6S RNAs in Bacillus subtilis. Investigation of biological function and molecular mechanism

6S-1 RNA (bsrA) is a 190 nucleotides small non-coding RNA found in Bacillus subtilis, which binds to the housekeeping sigma A (σA) RNA polymerase holoenzyme (RNAP). 6S-1 RNA levels peak in stationary phase where the RNA supports adaptation to nutrient scarcity (or other stresses) and prepares cells...

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Main Author: Ganapathy, Sweetha
Contributors: Hartmann, Roland (Prof. Dr.) (Thesis advisor)
Format: Doctoral Thesis
Published: Philipps-Universität Marburg 2022
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Summary:6S-1 RNA (bsrA) is a 190 nucleotides small non-coding RNA found in Bacillus subtilis, which binds to the housekeeping sigma A (σA) RNA polymerase holoenzyme (RNAP). 6S-1 RNA levels peak in stationary phase where the RNA supports adaptation to nutrient scarcity (or other stresses) and prepares cells for an instant outgrowth from stationary phase upon nutrient re-supply. In addition to inhibiting cellular transcription by binding to σA-RNAP, 6S-1 RNA also serves as a template for this enzyme to direct the synthesis of small product RNAs (pRNAs) in an RNA-dependent RNA polymerization reaction. These pRNAs, if long enough (~ 14-mer), are able to rearrange the structure of 6S-1 RNA such that the polymerase is released from the 6S-1 RNA and transcription of DNA promoters can be resumed. The kinetics of the process and key nucleotides involved in release and rearrangement of 6S-1 are unknown. Towards a deeper understanding of this process, we introduce substitutions/deletions along the secondary structure of 6S-1 RNA and analyse the impact thereof on the kinetics of 6S-1 rearrangement. In our study, we found that mutations C44/45 in the 5’-Central Bulge (CB) weaken 6S-1 RNA:σA-RNAP ground state binding two- to threefold while stabilizing the Central Bulge Collapse Helix (CBC) and shifting the pRNA length pattern to shorter pRNAs. A 6S-1 RNA variant with a weakened helix P2 and CBC stabilized by the the C44/45 mutation was more effectively rearranged and released from the enzyme. Our mutational analysis also revealed that formation of a second short hairpin in 3’-CB is detrimental to 6S-1 RNA release. From our results we infer that formation of the CBC subtly supports pRNA-induced 6S-1 RNA rearrangement and release. Additionally, truncated variants of 6S-1 RNA, solely consisting of the CB flanked by two short helical arms, can still traverse the functional 6S RNA cycle in vitro, despite decreased σA-RNAP affinity. This indicates that the ‘- 35-like’ region is not strictly essential for 6S-1 RNA function, at least in B. subtilis. We also showed that pRNA-isosequential locked nucleic acids (pLNAs) as short as 6 nt were able to induce 6S-1 RNA rearrangement and disrupt/prevent complex formation with σA-RNAP. Additionally, we analyzed the spatial dimensions of free 6S-1 RNA versus 6S-1:pLNA complexes by atomic force microscopy, revealing that 6S-1:pRNA hybrid structures, on average, adopt a more bent/constrained structure than 6S-1 RNA alone. The pLNA studies help us interpret the 6S-1 rearrangement to be a progressive process with intermediate states, ultimately leading to a maximally constrained and bent structure. Finally, we observed that the pRNA-mediated rearrangement of 6S-1 RNA and its release from σA-RNAP largely accelerates at NTP concentrations > 40 μM, which supports the role of 6S-1 RNA during nutrient re-supply. In gel assays, the regulatory 6S-1 and 6S-2 RNAs of Bacillus subtilis bind to the housekeeping RNA polymerase holoenzyme (σA-RNAP) with submicromolar affinity. We observed copurification of endogenous 6S RNAs from a published B. subtilis strain expressing a His-tagged RNAP. Such 6S RNA contaminations in σA-RNAP preparations reduce the fraction of enzymes that are accessible for binding to DNA promoters. In addition, this leads to background RNA synthesis by σA-RNAP utilizing copurified 6S RNA as template for the synthesis of short abortive transcripts termed product RNAs (pRNAs). To avoid this problem, we constructed a B. subtilis strain expressing His-tagged RNAP but carrying deletions of the two 6S RNA genes. The His-tagged, 6S RNA-free σA-RNAP holoenzyme can be prepared with sufficient purity and activity by a single affinity step. We also reported expression and separate purification of B. subtilis σA that can be added to the His-tagged RNAP to maximize the amount of holoenzyme and, by inference, in vitro transcription activity. In order to test our hypothesis that the regulatory role of 6S RNAs may be particularly important under natural, constantly changing environmental conditions, we constructed 6S RNA deletion mutants of the undomesticated B. subtilis wild-type strain NCIB 3610. We observed a strong phenotype under stress conditions in which the Δ6S-2 RNA strain exhibited retarded swarming activity and earlier spore formation. In contrast, the Δ6S-1&2 double knockout strain exhibited lesser spore formation than the wild-type. Additionally, we could show that 6S mutants grown under nutrient rich conditions revealed no strong phenotype. Our data suggests that both 6S RNAs contributes to the fitness of B. subtilis under the unsteady and temporarily harsh conditions encountered in natural habitats.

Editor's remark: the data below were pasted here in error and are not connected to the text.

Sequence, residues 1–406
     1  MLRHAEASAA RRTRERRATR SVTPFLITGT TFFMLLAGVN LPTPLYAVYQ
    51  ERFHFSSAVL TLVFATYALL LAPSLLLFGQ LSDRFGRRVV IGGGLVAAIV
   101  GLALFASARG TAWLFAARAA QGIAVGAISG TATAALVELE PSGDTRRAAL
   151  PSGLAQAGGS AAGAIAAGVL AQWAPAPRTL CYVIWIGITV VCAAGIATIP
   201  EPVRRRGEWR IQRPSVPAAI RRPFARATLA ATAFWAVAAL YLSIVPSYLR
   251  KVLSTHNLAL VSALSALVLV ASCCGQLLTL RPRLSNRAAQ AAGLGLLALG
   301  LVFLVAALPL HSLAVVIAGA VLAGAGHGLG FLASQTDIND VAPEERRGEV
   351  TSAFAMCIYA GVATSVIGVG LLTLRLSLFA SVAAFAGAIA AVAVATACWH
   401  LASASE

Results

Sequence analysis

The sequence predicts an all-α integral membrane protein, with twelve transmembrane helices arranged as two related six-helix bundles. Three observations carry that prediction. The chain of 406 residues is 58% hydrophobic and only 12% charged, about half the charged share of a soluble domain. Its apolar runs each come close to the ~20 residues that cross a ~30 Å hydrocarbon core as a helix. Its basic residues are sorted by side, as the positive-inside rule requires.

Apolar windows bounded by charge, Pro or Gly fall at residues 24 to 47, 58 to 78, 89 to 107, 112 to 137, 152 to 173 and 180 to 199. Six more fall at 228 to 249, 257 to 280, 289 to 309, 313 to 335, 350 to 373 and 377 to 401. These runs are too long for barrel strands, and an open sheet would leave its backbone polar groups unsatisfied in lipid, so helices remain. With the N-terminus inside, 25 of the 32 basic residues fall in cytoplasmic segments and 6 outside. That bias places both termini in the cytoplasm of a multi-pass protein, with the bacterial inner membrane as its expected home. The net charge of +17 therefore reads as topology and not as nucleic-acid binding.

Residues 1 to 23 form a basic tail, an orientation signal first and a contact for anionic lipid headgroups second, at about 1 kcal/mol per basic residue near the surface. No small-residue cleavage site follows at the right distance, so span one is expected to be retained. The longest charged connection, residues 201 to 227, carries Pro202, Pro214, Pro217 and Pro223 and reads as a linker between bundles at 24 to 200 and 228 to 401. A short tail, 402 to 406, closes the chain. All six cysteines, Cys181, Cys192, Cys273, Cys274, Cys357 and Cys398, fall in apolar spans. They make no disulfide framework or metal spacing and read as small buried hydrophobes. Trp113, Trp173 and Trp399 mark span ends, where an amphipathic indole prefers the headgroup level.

Physical Description:267 Pages